It is interesting to watch the political establishment implode. Having slurred critics of the war system and the rapidly expanding growth of political power as "anti-Semites" and/or "racists," the champions of a system of state-dominated society have kicked their sense of desperation into high gear. While Reuters reported an opinion poll showing nearly 80% of Americans saying they don't trust the government, the voices of state power work feverishly to characterize critics of the state as did one historian who informed the New York Times that the Tea Partiers, for instance, "are the same angry, ill-informed, overwhelmingly white, crypto-corporate paranoiacs" who embrace the "blithely narcistic presumption that the vast majority of Americans . . . already agree with them." Given the aforementioned opinion poll, one has to wonder just who is "ill-informed." What with the American government conjuring up wars based upon lies, forged documents, and other acts of deceit; with the economic system in a state-created turbulence; with the shoveling of hundreds of billions of dollars into the coffers of corporations friendly to the state; with major corporations (e.g., General Electric, Bank of America) paying no federal income tax this year; and with Washington endeavoring to create a situation to justify an unprovoked, "preemptive" attack on Iran with nuclear weapons, it is the height of elitist arrogance to charge tens of millions of Americans as "extremists" for objecting to such moral and intellectual corruption. A twisted logic is now in place amongst the establishment voices: those who object to government practices = militia extremists = Timothy McVeigh (CNN has devoted numerous hours these past few days to the Oklahoma City bombing of fifteen years ago).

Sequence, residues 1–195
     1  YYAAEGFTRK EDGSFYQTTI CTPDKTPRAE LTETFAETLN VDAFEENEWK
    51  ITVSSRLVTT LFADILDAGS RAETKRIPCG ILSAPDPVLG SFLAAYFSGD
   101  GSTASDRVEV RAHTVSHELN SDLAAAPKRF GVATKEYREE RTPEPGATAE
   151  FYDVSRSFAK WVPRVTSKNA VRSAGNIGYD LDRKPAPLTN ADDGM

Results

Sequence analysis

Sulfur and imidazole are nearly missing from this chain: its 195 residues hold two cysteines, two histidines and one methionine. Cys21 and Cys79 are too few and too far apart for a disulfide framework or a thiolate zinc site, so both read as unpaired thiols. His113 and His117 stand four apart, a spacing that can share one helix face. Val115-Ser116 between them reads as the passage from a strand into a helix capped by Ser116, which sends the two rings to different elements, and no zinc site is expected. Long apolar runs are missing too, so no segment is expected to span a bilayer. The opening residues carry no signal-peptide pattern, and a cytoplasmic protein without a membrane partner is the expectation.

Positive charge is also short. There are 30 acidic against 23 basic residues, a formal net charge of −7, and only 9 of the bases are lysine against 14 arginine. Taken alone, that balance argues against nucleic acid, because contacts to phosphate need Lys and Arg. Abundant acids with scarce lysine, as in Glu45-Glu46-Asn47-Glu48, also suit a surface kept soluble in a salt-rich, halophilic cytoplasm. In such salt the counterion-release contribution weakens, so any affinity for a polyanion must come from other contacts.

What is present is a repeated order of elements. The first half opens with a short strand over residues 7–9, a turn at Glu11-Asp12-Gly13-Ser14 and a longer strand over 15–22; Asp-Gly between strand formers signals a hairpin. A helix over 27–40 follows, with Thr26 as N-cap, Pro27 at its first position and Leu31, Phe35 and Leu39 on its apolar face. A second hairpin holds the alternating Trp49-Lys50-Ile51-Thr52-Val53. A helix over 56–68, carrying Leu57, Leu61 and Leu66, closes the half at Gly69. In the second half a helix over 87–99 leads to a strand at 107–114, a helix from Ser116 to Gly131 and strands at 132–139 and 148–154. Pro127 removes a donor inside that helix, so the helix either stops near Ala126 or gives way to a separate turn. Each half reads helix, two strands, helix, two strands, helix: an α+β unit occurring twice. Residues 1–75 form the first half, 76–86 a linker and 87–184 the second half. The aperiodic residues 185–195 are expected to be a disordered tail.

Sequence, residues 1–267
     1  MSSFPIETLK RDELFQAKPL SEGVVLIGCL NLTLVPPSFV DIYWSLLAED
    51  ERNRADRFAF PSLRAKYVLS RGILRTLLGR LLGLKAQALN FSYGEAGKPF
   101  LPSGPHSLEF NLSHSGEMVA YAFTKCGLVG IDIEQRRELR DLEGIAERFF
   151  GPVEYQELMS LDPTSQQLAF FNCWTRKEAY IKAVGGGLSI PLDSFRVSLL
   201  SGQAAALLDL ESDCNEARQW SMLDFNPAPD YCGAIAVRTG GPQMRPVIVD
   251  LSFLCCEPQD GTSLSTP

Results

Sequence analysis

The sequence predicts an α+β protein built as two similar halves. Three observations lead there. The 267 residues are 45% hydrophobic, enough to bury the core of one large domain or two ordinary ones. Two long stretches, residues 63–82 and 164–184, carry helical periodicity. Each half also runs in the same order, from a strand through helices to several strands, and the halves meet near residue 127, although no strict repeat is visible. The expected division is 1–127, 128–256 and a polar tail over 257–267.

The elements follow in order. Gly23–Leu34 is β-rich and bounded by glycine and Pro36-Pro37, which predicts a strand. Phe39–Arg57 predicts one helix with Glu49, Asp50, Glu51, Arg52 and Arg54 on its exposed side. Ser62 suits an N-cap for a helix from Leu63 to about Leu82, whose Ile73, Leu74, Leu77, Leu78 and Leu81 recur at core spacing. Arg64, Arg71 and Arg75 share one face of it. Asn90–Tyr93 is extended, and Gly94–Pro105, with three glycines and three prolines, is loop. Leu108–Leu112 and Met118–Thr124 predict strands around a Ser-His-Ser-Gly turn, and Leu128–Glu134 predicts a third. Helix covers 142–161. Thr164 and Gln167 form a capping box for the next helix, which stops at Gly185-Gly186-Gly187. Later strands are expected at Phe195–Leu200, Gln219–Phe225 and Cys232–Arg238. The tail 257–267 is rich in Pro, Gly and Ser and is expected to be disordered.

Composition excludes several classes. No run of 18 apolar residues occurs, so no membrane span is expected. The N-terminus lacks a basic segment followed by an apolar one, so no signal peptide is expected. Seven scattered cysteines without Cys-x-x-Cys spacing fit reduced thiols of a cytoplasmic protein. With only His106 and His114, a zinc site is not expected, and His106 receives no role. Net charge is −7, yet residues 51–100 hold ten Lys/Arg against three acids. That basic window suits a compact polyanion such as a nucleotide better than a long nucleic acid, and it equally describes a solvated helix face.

It is important to bear in mind the admonition of the late George Carlin: "I never believe anything the government tells me!" At the same time, be aware that political systems — ALL political systems — are grounded in the unprincipled use of violence. Their machinations — while outwardly cloaked in the language of "public interest" — very quickly erupt into the self-serving violence dramatized so effectively in the Godfather films. When their special interests are threatened, such as by most members of the public no longer buying into their racket, they have the legalized force — and the willingness to exert it — to resort to whatever desperate measures they deem necessary.